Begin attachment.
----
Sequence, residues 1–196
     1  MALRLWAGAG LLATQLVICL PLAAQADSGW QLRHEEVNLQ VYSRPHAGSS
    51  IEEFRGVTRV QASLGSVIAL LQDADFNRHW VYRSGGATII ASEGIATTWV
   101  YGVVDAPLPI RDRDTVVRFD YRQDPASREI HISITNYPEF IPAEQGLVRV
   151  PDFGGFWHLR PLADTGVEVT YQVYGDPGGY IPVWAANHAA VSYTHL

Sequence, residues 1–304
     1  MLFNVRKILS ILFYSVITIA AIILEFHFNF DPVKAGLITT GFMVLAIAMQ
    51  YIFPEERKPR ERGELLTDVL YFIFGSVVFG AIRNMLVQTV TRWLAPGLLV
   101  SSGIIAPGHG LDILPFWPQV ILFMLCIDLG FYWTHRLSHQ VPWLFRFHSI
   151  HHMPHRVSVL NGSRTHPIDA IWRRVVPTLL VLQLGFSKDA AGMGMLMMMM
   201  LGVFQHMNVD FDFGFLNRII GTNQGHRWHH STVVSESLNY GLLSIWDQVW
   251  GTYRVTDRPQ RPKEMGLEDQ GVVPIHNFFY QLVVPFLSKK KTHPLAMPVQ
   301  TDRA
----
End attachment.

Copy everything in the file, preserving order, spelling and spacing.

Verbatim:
Sequence, residues 1–196
     1  MALRLWAGAG LLATQLVICL PLAAQADSGW QLRHEEVNLQ VYSRPHAGSS
    51  IEEFRGVTRV QASLGSVIAL LQDADFNRHW VYRSGGATII ASEGIATTWV
   101  YGVVDAPLPI RDRDTVVRFD YRQDPASREI HISITNYPEF IPAEQGLVRV
   151  PDFGGFWHLR PLADTGVEVT YQVYGDPGGY IPVWAANHAA VSYTHL

Sequence, residues 1–304
     1  MLFNVRKILS ILFYSVITIA AIILEFHFNF DPVKAGLITT GFMVLAIAMQ
    51  YIFPEERKPR ERGELLTDVL YFIFGSVVFG AIRNMLVQTV TRWLAPGLLV
   101  SSGIIAPGHG LDILPFWPQV ILFMLCIDLG FYWTHRLSHQ VPWLFRFHSI
   151  HHMPHRVSVL NGSRTHPIDA IWRRVVPTLL VLQLGFSKDA AGMGMLMMMM
   201  LGVFQHMNVD FDFGFLNRII GTNQGHRWHH STVVSESLNY GLLSIWDQVW
   251  GTYRVTDRPQ RPKEMGLEDQ GVVPIHNFFY QLVVPFLSKK KTHPLAMPVQ
   301  TDRA